The smart card 40 can further be used to interface with an entertainment processor that allows payment of usage fees or entry fees for an amusement or theme park. Preferably, through insertion into a card reader associated with a computer and interaction with processors over the Internet, the smart card 40 allows for reading and downloading of smart card 40 account records online. The Internet connection also allows for adding cash, credit or debit value to the smart card 40. Furthermore, through Internet interaction, the smart card 40 can access technical support and travel information regarding roads, weather, airlines, and flights. Additional functionality can be provided by allowing smart card 40 to be used over the Internet to purchase goods and services of company clients from the smart card 40 provider web site and to purchase goods and services from companies linked to the smart card 40 provider's web site. Additional functionality can include the ability to receive general smart card 40 information and the sending of electronic mail to the smart card 40 company and its linked partners. Alternatively, the smart card 40 can be inserted into a suitable wireless device having a smart card reader and enabling Internet access.
The aforementioned objectives may be achieved through provision of a variety of software packages for use in connection with external processors 20, 60 and 80. A first software package includes a set of wireless communication functions allowing for two-way vehicle communication capabilities, wireless network access and messaging, integration of a phone with a vehicle dashboard computer function and inter-vehicle communication. The wireless communication software package may further comprise an operating system for a vehicle dashboard computer and integration of a CD-ROM with appropriate electronic subsystems.
A second software package that may be used in conjunction with the smart card 40 is a map package that provides enhancements to vehicle dashboard navigation systems. The map package can provide capability to receive real time data from RF towers, roadside sensors, satellites, and other computers. The map package can further provide capability to communicate real time or stored data via audio or audiovisual means. The package may also provide a hand help map navigation system for use by non-drivers.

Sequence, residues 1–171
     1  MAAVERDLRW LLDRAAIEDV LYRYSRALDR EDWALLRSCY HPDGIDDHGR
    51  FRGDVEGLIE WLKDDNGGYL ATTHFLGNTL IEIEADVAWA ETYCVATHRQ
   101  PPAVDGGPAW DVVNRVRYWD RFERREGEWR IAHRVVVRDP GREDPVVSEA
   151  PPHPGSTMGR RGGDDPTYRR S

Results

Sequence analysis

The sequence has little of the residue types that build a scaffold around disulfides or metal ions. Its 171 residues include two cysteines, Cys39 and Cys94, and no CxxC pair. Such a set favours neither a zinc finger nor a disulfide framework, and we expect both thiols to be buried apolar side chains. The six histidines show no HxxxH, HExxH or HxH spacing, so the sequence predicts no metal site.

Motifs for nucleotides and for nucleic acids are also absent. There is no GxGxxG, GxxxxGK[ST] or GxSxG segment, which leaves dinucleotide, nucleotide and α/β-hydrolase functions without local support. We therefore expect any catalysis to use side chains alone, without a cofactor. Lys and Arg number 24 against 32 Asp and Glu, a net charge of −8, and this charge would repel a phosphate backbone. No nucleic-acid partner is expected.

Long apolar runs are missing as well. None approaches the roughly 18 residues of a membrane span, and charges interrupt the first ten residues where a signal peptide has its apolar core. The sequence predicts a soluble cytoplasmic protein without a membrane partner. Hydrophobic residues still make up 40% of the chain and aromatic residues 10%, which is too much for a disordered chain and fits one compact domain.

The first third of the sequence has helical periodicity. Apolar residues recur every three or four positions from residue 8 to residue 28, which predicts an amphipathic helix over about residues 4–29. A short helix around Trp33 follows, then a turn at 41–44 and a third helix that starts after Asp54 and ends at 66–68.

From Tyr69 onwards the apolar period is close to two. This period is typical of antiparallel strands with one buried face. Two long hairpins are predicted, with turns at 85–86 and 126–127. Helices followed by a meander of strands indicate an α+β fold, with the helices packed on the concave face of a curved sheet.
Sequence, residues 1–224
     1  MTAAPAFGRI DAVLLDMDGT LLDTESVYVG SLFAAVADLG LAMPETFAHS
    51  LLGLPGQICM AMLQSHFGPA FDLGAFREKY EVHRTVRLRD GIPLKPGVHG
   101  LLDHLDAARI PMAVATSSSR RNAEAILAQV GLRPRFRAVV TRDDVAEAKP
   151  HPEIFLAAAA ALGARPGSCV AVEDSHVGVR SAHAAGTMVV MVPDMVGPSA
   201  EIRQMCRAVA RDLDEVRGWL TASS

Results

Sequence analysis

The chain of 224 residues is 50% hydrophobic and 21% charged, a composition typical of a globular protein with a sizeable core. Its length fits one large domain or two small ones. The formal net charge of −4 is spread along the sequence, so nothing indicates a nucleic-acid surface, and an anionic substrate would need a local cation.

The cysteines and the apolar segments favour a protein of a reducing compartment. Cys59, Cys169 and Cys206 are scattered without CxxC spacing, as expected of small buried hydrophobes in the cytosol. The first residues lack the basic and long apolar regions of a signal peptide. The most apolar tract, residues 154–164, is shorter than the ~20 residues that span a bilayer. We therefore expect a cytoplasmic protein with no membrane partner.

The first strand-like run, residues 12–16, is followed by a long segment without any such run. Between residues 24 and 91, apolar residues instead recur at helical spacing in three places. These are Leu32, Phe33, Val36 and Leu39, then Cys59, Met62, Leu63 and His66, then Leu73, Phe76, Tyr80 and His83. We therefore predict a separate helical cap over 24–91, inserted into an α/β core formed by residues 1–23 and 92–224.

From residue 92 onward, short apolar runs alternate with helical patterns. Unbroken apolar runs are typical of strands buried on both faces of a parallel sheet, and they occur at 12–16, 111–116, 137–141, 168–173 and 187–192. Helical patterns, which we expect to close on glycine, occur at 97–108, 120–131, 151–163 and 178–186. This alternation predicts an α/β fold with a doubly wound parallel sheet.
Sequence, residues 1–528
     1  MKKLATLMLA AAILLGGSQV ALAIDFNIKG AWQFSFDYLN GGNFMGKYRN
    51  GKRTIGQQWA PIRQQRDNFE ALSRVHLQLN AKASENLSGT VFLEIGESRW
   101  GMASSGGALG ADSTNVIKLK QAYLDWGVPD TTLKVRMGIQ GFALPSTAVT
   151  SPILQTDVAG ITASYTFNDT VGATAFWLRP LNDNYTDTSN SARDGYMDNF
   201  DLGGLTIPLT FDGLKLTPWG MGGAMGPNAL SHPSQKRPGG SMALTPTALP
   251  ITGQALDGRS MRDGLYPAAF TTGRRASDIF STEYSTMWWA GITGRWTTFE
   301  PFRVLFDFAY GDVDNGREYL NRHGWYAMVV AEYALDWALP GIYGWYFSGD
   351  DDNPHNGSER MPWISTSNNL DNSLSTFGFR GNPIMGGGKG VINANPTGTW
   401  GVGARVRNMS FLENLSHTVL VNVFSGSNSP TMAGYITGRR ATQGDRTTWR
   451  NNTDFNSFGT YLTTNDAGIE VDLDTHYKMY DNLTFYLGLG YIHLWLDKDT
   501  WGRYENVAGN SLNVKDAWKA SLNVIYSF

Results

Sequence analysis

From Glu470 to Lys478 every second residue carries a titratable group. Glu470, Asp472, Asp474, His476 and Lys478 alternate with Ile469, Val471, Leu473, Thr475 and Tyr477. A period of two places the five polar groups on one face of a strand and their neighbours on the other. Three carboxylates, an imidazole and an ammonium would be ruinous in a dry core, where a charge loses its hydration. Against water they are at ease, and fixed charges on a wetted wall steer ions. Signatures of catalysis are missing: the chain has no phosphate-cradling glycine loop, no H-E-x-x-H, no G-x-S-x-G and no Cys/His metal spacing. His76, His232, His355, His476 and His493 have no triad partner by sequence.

A third software package may be provided for enhancing vehicle dashboard vehicle diagnostics. This package can help avoid vehicle break downs by enabling systems check-ups. It can further provide insurance and vehicle sales related records messaging.
Finally, payment processing software may be provided for facilitating automatic payment. This software is described below in accordance with the method of the invention.
A method of collecting payments in accordance with the smart card system 10 of the invention is depicted in FIG. 6. The method of collecting payments as depicted in FIG. 6 employs the smart card 40 and payment system 60 shown in FIGS. 2 and 3, respectively.
In a steady state, prior to payment, the smart card 40 is in a low power state. The payment processor 60 is in a wait state. A photodetector beam emanates across the path of oncoming vehicles and is associated with the payment processor 60. The facility 71 as depicted in FIG. 4 is a toll gate and is in a down position and a red light is illuminated.
The method of collecting payments begins when a vehicle interrupts the photodetector beam. The interruption of the photodetector beam triggers an interrupt in the payment processor 60 in step 100. The interrupt causes the payment processor 60 to send a wake up pulse to smart card 40 in step 105. The payment processor 60 waits for a response from the smart card 40 and checks for the response in step 110. If no response is detected in step 110, the processor 60 will return to step 105 and continue to send wake up pulses until a predetermined number of pulses has been sent in step 115. When the predetermined number of pulses has been sent and no response has been received from the smart card 40, the processor 60 displays an appropriate message and ends the payment process.